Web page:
Desegregation pioneer open to black-focused schools
A woman who was on the front lines of the fight against segregation in U.S. schools 50 years ago said she isn't opposed to the idea of black-focused schools like the one recently approved by the Toronto Board of Education.
"You know, I'm all for integration, but it's got to work for everybody," said Minnijean Brown Trickey, 66, at an event at Ottawa's Carleton University Thursday night.
Trickey, who lived in Ottawa through most of the 1990s and earned a social work degree from Carleton, added that the push for black-focused schools in Ontario signals a concern within the community.
"So that insistence or that concern points to a problem. And we need to look at what that problem is and start working it out."
In 1957, when she was 15, Trickey was one of the "Little Rock Nine," the first group of black high school students to attend Central High School in Little Rock, Ark., which had previously been open to white students only.
Being part of the forced desegregation, assisted by a court injunction and federal troops, was a "horrific experience," Trickey told CBC in an interview Thursday.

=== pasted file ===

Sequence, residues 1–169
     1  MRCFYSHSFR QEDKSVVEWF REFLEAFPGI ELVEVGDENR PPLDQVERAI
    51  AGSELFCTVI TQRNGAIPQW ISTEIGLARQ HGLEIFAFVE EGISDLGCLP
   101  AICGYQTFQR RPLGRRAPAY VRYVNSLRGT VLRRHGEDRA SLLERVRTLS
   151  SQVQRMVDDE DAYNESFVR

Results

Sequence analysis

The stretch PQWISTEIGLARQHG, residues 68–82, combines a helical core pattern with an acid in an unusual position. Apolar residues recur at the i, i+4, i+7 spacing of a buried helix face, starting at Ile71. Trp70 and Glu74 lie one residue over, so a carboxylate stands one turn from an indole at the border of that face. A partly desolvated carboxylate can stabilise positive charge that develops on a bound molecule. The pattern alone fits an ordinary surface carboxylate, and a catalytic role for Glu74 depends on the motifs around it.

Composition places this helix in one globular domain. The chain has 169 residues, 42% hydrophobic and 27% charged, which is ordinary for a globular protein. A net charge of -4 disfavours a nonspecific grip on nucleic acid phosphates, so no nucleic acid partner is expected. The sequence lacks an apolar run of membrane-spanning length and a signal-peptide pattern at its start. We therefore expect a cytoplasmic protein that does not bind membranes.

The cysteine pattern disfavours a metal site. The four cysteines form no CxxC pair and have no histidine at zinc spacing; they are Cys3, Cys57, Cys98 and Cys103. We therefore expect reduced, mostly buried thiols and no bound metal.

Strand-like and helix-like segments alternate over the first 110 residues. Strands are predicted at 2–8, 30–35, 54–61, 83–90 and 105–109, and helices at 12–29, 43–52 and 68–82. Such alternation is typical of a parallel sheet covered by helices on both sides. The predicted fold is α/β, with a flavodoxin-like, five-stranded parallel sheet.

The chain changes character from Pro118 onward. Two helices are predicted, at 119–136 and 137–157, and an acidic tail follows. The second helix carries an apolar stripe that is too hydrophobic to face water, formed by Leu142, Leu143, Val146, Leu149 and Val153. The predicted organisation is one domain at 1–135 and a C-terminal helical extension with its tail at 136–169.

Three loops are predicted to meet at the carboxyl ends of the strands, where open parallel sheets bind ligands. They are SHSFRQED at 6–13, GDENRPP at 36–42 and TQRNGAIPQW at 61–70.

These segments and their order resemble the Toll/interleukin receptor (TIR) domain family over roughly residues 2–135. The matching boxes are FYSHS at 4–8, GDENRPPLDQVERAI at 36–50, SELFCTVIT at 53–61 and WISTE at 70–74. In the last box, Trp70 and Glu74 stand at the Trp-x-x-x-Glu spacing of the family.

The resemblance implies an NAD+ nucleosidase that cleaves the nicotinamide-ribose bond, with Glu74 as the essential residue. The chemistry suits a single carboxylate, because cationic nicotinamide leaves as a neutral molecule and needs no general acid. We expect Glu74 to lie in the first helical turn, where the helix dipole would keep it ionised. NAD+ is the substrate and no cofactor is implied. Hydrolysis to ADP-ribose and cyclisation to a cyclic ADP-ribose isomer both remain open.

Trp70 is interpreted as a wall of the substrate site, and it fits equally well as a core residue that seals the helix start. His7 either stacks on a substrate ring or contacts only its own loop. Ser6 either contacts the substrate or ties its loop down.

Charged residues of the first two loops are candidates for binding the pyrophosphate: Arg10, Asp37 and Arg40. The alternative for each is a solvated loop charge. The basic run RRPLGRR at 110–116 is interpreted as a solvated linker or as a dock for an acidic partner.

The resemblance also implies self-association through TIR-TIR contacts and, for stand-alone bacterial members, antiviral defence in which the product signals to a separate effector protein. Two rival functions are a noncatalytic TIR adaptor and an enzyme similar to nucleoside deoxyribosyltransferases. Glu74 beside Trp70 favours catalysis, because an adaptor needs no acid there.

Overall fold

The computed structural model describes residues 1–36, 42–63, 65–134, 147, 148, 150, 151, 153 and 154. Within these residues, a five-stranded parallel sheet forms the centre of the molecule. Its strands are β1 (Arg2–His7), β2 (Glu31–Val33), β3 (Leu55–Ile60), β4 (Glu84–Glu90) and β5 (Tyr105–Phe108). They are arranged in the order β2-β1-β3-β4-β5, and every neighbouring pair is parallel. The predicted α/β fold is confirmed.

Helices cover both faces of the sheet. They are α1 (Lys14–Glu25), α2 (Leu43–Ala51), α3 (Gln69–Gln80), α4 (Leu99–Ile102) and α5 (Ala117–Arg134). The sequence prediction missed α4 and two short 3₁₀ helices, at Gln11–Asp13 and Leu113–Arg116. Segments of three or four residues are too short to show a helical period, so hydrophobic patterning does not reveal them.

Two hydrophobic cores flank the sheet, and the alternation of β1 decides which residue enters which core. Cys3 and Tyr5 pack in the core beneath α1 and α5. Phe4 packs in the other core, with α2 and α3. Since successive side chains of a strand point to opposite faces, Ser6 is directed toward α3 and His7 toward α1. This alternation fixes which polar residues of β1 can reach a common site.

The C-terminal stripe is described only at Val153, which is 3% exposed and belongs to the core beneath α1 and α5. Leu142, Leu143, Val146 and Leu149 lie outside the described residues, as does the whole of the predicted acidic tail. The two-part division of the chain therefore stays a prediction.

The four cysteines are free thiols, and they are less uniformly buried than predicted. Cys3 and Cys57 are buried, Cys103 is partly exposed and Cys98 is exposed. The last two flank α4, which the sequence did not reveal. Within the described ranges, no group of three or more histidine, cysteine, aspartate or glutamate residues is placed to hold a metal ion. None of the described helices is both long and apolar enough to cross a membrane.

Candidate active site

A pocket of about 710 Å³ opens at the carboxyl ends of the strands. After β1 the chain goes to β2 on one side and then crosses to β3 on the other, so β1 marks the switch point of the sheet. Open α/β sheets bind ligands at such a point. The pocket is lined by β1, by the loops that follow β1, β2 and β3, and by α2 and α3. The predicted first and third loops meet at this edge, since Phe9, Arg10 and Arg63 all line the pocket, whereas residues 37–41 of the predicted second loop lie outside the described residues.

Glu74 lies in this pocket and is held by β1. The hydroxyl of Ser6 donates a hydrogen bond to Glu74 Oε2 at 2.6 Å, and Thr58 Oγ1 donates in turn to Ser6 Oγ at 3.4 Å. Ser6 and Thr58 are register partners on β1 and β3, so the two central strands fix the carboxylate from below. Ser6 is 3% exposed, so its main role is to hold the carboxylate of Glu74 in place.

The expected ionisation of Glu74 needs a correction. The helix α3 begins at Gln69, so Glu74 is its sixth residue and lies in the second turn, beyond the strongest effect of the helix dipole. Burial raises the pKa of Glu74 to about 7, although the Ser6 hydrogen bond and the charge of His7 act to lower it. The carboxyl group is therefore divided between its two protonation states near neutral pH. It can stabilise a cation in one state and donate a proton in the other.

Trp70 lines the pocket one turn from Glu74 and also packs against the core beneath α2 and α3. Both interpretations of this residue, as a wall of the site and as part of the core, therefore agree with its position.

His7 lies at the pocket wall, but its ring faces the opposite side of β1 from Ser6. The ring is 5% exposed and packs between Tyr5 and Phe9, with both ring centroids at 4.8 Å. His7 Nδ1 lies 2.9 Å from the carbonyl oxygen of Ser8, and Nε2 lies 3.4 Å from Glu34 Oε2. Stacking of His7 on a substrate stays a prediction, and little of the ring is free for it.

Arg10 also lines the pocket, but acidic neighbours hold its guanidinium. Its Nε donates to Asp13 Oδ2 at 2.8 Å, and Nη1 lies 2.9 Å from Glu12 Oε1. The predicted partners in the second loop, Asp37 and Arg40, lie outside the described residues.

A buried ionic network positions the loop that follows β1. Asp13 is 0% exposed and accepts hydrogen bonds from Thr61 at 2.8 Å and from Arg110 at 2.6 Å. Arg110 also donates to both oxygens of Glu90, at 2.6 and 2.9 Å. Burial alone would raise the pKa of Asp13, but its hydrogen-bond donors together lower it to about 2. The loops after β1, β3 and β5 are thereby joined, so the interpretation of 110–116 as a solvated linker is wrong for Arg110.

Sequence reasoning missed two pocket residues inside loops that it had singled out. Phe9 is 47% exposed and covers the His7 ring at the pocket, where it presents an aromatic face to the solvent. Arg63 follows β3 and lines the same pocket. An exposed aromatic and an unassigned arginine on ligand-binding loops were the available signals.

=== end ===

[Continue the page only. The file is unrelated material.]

"A lot of violence, terror, lost jobs of our parents, brutal attacks inside the school — pretty horrible," she said.
But Trickey said even though she battled segregation, she recognizes that there has been a problem with black underachievement that the idea of black-focused schools is intended to address.
"It's another way of trying to insert maybe some cultural knowledge," she said. "I think a dominant society is not aware of how much it sort of wants everybody to be … the same."
In an address to Carleton University's alumni association Thursday evening, Trickey described a personal experience that highlighted some of the concerns about black students in the current system.
She recalled how a guidance counsellor at Ottawa's Lisgar High School told her daughter she "should not aspire to college."
"I'm not talking abstractions. I'm not talking about somebody else," she said. "I'm talking about my own children's experience."
When asked by CBC about her thoughts at seeing a black man and a woman run for the U.S. Democratic presidential nomination, Trickey said she was heartened, but can't help asking why it took so long.
"It says more about who we are than who they are in terms of how thrilled we are that this is happening," she said, adding that there's still much to be done in the fight for equality.
"There's a song that says freedom is a constant struggle," she said. "So I accept that and am energized by that."